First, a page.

Review: ‘The Pope’s Exorcist’ (The Catholic Conjuring)

Surprise! Russell Crowe was a perfect choice for Father Gabriele Amorth.

After enduring yet another Vatican inquiry into his methodology, Father Gabriel Amorth (Russell Crowe) receives a fresh assignment from The Pope (Franco Nero). The year is 1987, and having investigated numerous possessions in his past, Amorth is well-suited in assessing what may be mental illness and what is a threat to Christendom. His newest charge takes him to the former Abbey of San Sebastian in Castile, Spain, an inherited property being renovated by an American woman named Julia (Alex Essoe). Julia’s son Henry (Peter DeSouza-Feighoney) begins showing signs of possession as observed by Julia’s daughter Amy (Laurel Marsden) and advising local priest Father Esquibel (Daniel Zovatto). Faster than you can say “pea soup,” evil manifests throughout the abbey, threatening to reveal a Vatican secret with historic implications. Can Father Amorth save the day, or is he being led to his doom?

While Father Amorth was a real exorcist who wrote countless articles and books on the subject — even co-founding the Vatican-recognized International Association of Exorcists — the filmmakers acknowledge their film is almost pure fiction aside from its inspirations. What’s true is 98% of reported possessions are the product of trauma and mental illness, something better referred to the medical community than men of the cloth. The remaining 2% is muddled with a public perception of films like and inspired by The Exorcist to fill the sandbox this film plays in, embellishing for the sake of entertainment rather than drawing from published facts. The trailers appear entertaining if a bit derivative, with flashes of Crowe’s character suggesting he may not be as central as the advertising suggests. The real question everyone is asking: is Amorth an exorcist for the Pope or of the Pope?

Much like a classic James Bond movie, Father Amorth is introduced finishing up on his previous charge before pivoting away to a new mission, catching up to our quirky hero who takes himself far less seriously than his job title suggests. This easy-going seen-it-all priest echoes Anthony Hopkins’ portrayal of Father Trevant in The Rite, which is why Crowe’s participation is initially suspect; as a side note, Amorth reportedly trained the actual Father Trevant, so there’s a canonical connection. “The Devil hates jokes,” Amorth reveals, “so learn some.” What makes the film work is Crowe’s attachment to the attitude and belief of Father Amorth in spite of the standardized Hollywood fare of floating beds, fiery glyphs, and people thrown through the air. It’s almost as if the late priest — who sold the rights to his story in 2015 before his death — is haunting the film himself: “If this is what it takes for people to believe evil is real and can be defeated, so be it.”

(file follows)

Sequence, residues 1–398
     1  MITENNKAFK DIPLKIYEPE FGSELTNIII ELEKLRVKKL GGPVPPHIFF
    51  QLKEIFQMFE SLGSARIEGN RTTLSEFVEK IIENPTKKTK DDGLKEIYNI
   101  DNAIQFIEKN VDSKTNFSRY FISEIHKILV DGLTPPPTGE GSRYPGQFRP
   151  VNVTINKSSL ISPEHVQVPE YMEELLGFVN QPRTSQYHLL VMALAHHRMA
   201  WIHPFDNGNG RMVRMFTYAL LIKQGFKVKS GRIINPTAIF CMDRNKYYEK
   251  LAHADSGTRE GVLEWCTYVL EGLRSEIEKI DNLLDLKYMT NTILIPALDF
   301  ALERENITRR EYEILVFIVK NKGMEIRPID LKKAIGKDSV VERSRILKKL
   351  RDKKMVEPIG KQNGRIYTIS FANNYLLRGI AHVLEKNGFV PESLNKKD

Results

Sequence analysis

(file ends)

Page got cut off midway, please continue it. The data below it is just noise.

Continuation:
While neither as impactful or original as Stigmata, it’s surprisingly watchable and all-inclusive. While the transplanted American family is introduced as an expected disposable body count, these characters don’t just disappear whenever it’s convenient. The same goes for expectations of the local priest initially in way over his head; Amorth forgets nothing and no one, putting himself in the line of fire exactly the way a survivor dares to hope for and questioning anyone who assumes otherwise. He understands he is also fallible but refuses to give up, an infectious perseverance and leadership quality that encourages folks to stand together. With an atmospheric production that counts down like a checklist of demonic possession flicks, the repeated in-story reminders that none of it should be taken too seriously goes for both the characters and the audience. It’s also worthy to note the plot similarities to The Nun, as if someone thought, “Oh, we can do better than that,” and damn well proved it.

With Overlord-director Julius Avery at the helm, the genre pedigree is visible in the writers, including The Rite scribe Michael Petroni and The Unholy scribe Evan Spiliotopoulos. It should come as no surprise that The Pope’s Exorcist borrows a few of the best elements from the Paramount Plus streaming show “Evil” (with the exception of the “X-Files” elements), but it more accurately leans into franchise territory with a parallel to The Warrens’ exploits sensationalized for The Conjuring films and their spin-offs. Interviews describe Crowe as a huge fan of Father Amorth and down for more silver-screen exorcism, so don’t be surprised if this exorcist gets a sequel of his own.

The Pope’s Exorcist is rated R for violent content, language, sexual references, some nudity, and jeering at the Devil.

Three skull recommendation out of four

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